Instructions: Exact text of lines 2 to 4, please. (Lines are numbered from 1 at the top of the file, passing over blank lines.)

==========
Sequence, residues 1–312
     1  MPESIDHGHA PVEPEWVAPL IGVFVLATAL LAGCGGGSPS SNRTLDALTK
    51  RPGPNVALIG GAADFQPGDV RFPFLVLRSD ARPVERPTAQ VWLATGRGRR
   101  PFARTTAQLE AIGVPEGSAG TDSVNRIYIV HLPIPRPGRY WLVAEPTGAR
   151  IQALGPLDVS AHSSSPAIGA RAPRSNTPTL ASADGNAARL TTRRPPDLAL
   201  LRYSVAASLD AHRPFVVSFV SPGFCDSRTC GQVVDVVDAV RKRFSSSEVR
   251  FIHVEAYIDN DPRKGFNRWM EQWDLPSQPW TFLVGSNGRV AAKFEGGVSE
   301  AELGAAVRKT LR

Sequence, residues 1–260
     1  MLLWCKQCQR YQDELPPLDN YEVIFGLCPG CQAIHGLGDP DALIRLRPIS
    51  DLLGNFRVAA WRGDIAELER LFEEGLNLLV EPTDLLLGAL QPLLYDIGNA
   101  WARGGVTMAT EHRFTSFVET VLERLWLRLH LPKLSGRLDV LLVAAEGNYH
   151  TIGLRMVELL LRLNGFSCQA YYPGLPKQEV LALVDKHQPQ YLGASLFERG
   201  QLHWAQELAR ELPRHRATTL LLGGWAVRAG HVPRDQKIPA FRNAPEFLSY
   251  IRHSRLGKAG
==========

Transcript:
     1  MPESIDHGHA PVEPEWVAPL IGVFVLATAL LAGCGGGSPS SNRTLDALTK
    51  RPGPNVALIG GAADFQPGDV RFPFLVLRSD ARPVERPTAQ VWLATGRGRR
   101  PFARTTAQLE AIGVPEGSAG TDSVNRIYIV HLPIPRPGRY WLVAEPTGAR